[Akiba] I spent the weekend checking out the Freescale MC13224 datasheet and writing the review. There are a lot of features so this is going to be a long post. For my sake, I've divided it up into sections. So grab a cup of coffee and sit back 'cuz this is gonna take some time...[/Akiba]

Freescale recently announced its MC13224 Platform in Package chip. Aside from the attempt at creating a new semiconductor marketing buzzword, it's a highly integrated chip that is almost an entire 802.15.4/Zigbee module on one chip. This is Freescale's 3rd generation 802.15.4 radio and it is definitely head and shoulders above its previous 802.15.4 SoC, the MC1321x series. The chip comes in a 9.5 x 9.5 mm, 99-pin LGA package and supports a temperature range of -40 to 105 degrees Celsius, otherwise known as industrial temp.

MCU
Just as a reference, the MC1321x series was based on the HCS08 line of 8-bit micros and feature tiny amounts of RAM and flash. The largest of the series, MC13213, had 60 kB of flash and 4 kB of RAM. In terms of Zigbee, you could probably fit the stack inside it, but you wouldn't have much room for anything else. Also, with 4 kB of RAM, it'd be extremely difficult to use that chip as a router. Since a router (ideally) requires a frame buffer pool, routing table, neighbor table, discovery table, indirect transmission queue, address table, binding table, group table, and discovery cache (did I miss anything?), it'd be amazing if you could fit all of that in 4 kB of code and still have room for a decent application.

The resource issue has been addressed in the MC13224. It features an ARM7 TDMI 32-bit processor, one of the first of the SoCs to use an ARM7 in fact. If you don't know about ARM7's, you've probably been hiding underneath a rock for the past 10 years. It's an extremely energy efficient 32-bit microprocessor and there's a wealth of tools available for development on it. There is an open source JTAG tool called OpenOCD which interfaces to the GNU Debugger (GDB) and also includes schematics for building your own JTAG hardware probe. The ARM-GCC compiler is actively maintained and has been stable and well optimized for a long time for the ARM7s. Also, there are a lot of OSes that are ported to it such as uCLinux, uCOS-II (RTOS), eCOS (RTOS), and FreeRTOS (RTOS). And that's just some of the open source OSes!

Also for those that believe that 8-bit micros are easier to use than 32-bit ones, I'd beg to differ. If you've ever programmed an 8051 using Keil, you'd know that you have to use a lot of non-ANSI compiler specific extensions due to limitations of the microcontroller. On the other hand, you can program an ARM7 in (almost) 100% ANSI C and have it portable to an AVR, MIPS, x86, or any other chip that supports an ANSI compiler.

Okay…enough with the microcontroller architecture preaching…let's get back to business...

Just thought I would give everyone a quick heads up that Atmel released their RZRAVEN Zigbee Dev Board firmware a few weeks ago. I just found out about it now when I was browsing around their website. The source code looks like it's completely open, but the license agreement limits the usage of the software to Atmel products only, basically the same as Microchip and TI. The firmware contains some interesting applications such as a packet sniffer application that allows you to inject frames and also jam the signals. You need to register to download the firmware. Here's the link.

It was a busy week last week. Japan's Golden Week holidays start this week which is a week-long vacation. That means that last week, everyone was scrambling to get things done so they wouldn't get delayed or have to come in during the holidays. My two-day work week turned into a full week of work, which sucks because I only get paid for two days. They said that I can get compensation days this week, but this whole week is a vacation. I've been tricked!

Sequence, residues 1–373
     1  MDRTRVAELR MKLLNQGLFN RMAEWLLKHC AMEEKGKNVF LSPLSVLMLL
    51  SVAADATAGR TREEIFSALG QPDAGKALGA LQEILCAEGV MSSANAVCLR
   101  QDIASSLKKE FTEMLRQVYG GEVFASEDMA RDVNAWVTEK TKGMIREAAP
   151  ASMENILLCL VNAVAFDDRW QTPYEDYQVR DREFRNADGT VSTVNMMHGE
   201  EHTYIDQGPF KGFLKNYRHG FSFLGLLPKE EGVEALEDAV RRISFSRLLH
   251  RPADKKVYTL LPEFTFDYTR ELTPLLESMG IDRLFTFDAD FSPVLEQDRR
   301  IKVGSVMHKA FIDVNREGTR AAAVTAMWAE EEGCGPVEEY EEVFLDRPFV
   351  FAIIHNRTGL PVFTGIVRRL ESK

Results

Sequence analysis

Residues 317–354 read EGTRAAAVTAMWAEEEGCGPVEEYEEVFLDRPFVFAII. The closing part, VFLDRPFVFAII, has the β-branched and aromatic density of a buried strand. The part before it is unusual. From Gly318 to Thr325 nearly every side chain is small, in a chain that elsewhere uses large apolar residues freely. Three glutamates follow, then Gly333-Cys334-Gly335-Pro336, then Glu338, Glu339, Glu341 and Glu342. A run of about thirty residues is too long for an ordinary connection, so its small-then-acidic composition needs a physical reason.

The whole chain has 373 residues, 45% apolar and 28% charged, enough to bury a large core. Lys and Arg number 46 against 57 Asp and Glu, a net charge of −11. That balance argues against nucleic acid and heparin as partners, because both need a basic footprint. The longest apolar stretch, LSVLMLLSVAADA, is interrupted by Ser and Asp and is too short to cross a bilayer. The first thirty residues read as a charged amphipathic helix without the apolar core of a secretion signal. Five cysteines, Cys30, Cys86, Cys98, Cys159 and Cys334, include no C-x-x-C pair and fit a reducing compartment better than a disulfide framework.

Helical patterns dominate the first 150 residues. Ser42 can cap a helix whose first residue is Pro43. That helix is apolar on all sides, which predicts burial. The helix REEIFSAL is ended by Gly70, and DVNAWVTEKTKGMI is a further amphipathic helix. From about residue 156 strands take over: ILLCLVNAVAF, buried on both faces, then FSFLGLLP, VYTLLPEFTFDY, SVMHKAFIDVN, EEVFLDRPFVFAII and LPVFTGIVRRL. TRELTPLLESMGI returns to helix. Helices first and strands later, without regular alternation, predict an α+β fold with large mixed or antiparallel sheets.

Anyways, I did get a chance to sneak away and go to the Tokyo Sensor show so I thought I would post the pictures from it. I spared everyone the pictures of pressure, light, and other types of sensors since they aren't too exciting. In fact, there wasn't a whole lot exciting at the show from the companies. All the really cool stuff came from the university research projects. That just goes to show me the difference between corporate and non-corporate creativity. I'll take a cool university research project over a powerpoint product roadmap any day. That reminds me...I need to make the software roadmap for this project. Ha ha ha.

Here's the pictures...   

 

An interesting question was asked in the forums which, although reworded,  goes something like this:
"Why do the Zigbee SOC offerings have very little resources?"

This is actually an interesting question and to answer it requires a bit of a background on IC design.

Semiconductor hardware is all about cost, at least it is these days. The times are long gone when semiconductors was a glam industry. Consumer devices and PC products are all pushing down costs like crazy and the manufacturers are constantly pressuring the semiconductor suppliers to reduce their price. This is especially rampant in the standard products market, which includes the likes of ethernet, 802.11, and (if it takes off) 802.15.4 chips since they are all based on open standards.

There was an inquiry awhile back on why I didn't open up the design implementation on this project. My answer was a bit generic, in that I said that coordination would be a bitch, or at least something to that effect. Let me elaborate on that statement.

The Zigbee protocol stack has many functions that are hopelessly intertwined with each other. I'll highlight one case as an example and explain why it would be difficult to coordinate multiple developers on its implementation.